18 Nov Trip Diary – Bishkek to Delhi
After a week of sorting visas and flights, route planning, and exploring the city of Bishkek, it was time to say goodbye to the guys at the hostel and catch my plane out of Kyrgyzstan. The bike and I were off to India.
Packing the bike the evening before my flight hadn’t been easy. The box I’d got from a bike shop in the city was designed for a smaller bike and fitting the dismantled parts of my bike into it was like trying to do a giant 3D puzzle. It took three hours of effort and I’d finally found the solution by securely closing it with a complete roll of tape. I had my fingers crossed that the airline would except it.
I arrived at the airport on the outskirts of the city just before dawn and was immediately greeted by half a dozen men with trolleys all vying for my bags in a bid to charge me large amounts of cash to transport them 30 or so meters into the airport. I was still half asleep and not in the mood. I politely refused, and then when that failed, I firmly ushered them away and insisted I was capable of the task myself and joined the small crowd that had already gathered inside.
Getting into trouble
Check in went smoothly as the airline took the bike box without question until I arrived at customs. With a glance at my passport and without a single word, I was whisked away by the airport security and was taken by a cargo lift down to the bowels of the airport. I did try and ask what the problem might be but the language barrier prevented me from gaining any idea of what was going on. The female security guard seemed to have little intention of making conversation with me and her eyes were fixed on me in the lift. She directed me with a sharp tug of my jacket. By the time we exited the lift, I had grown rather concerned as to what I’d done wrong.
As it turned out, demeanour was far worse than the reason for my detour of the dimly-lit basement. There were unidentifiable items in my check-in baggage that caused concern as it passed through the X-ray machine. I also struggled to work out what the dark shapes were and after ten minutes of deliberation, a few apologetic and innocent expressions, I was taken back out under the watchful gaze of two armed soldiers. I was then asked to open my bag. After a lot of poking and prodding and the opening of many dry bags to explain the contents, they seemed content I was free of any malicious intent and I was allowed to leave.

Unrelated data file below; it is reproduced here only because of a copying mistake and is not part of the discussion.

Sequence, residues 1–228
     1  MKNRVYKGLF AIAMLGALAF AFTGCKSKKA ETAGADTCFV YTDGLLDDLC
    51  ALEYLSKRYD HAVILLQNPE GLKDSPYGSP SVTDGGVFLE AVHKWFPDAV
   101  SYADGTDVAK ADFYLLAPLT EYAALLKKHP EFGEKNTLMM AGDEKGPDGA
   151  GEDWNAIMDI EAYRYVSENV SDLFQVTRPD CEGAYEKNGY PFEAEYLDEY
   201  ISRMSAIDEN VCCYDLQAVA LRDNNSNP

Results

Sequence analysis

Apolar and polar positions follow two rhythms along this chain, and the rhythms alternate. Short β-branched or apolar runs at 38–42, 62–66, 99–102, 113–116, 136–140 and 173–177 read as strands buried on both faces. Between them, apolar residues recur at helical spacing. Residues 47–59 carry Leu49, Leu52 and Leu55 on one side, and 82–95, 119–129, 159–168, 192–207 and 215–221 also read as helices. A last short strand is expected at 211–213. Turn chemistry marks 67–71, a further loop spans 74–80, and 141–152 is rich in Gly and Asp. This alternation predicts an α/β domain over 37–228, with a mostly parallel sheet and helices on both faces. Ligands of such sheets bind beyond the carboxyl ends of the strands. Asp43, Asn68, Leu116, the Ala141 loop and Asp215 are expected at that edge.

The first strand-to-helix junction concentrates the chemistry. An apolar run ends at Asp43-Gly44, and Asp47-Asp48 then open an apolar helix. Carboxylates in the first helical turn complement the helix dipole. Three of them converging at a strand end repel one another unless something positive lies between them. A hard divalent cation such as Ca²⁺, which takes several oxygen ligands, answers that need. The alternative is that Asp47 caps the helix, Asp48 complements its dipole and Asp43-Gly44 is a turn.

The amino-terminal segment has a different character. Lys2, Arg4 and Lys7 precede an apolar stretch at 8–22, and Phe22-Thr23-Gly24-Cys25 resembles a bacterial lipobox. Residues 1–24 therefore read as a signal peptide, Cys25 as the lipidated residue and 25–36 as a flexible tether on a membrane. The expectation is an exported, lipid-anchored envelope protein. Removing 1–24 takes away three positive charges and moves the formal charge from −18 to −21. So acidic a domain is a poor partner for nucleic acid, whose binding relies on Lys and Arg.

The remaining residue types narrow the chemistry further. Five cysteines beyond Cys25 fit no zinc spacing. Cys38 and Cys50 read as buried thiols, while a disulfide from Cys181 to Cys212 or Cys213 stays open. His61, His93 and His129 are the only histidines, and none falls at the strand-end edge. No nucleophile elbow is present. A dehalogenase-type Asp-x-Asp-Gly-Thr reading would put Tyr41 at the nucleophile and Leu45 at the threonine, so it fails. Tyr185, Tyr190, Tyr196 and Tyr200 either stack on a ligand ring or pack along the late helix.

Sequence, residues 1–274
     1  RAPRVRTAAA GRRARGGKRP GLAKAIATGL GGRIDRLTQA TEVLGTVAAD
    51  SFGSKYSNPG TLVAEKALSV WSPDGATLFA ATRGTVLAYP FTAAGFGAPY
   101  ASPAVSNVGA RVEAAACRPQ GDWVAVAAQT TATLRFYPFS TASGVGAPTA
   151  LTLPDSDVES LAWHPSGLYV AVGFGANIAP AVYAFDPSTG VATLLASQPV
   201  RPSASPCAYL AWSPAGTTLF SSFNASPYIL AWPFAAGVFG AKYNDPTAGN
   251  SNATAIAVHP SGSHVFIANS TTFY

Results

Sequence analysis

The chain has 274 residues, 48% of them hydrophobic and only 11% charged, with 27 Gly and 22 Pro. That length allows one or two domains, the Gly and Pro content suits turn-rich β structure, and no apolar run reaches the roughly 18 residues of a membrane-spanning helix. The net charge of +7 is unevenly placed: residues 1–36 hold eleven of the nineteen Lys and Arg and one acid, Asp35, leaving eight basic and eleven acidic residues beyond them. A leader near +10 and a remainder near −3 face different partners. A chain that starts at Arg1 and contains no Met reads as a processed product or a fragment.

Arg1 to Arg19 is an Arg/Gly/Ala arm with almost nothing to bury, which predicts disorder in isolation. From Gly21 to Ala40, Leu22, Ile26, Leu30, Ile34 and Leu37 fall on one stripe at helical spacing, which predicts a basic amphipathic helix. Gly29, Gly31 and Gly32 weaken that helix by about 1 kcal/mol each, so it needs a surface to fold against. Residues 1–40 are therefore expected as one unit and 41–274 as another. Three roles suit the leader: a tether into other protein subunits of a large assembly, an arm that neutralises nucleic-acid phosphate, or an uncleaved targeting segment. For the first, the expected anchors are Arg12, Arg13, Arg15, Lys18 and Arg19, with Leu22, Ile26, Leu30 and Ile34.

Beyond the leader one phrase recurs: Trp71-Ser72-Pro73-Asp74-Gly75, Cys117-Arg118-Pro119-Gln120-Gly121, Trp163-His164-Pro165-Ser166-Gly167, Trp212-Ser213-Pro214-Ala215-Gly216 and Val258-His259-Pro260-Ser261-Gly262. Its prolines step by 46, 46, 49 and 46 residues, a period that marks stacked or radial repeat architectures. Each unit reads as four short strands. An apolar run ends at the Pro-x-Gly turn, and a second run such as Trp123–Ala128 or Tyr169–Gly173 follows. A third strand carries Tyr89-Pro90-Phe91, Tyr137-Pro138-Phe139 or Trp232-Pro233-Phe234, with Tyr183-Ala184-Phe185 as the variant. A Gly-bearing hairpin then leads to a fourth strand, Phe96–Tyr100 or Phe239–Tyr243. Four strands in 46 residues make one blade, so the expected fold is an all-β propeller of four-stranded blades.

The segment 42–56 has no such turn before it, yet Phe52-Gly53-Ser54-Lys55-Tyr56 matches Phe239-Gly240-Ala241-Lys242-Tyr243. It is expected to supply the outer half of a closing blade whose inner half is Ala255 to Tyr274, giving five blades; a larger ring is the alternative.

The view from the top
My escorts’ manner improved little on our way back to customs, though the female officer continuously tapped her foot and her eyes remained glued to me with a look that suggested if I should try anything, I’d very much regret it. I couldn’t help but chuckle to myself a little at her seriousness. With her gone, off no doubt to intimidate someone else, I passed through passport control and boarded the half-empty aircraft to find I had three seats to myself. The views from the window over the mountains of central and southern Kyrgyzstan along with those in Tajikistan were breathtaking and kept me from my plan of trying to get a little extra sleep. Peak after peak, all topped with snow, pierced the clouds below the aircraft and I was transfixed, though very glad I wasn’t down there cycling. I’d soon have my fair share of that kind of terrain in Nepal.
New start in New Delhi
Within three hours, we had touched down in New Delhi. After lengthy checks at passport control, including a first for me of having to provide fingers prints, I collected the bike which surprisingly appeared undamaged, and made my way outside. I’d been warned before my arrival that the city was experiencing its worst pollution levels, with many residents experiencing breathing difficulties after just a few minutes outside.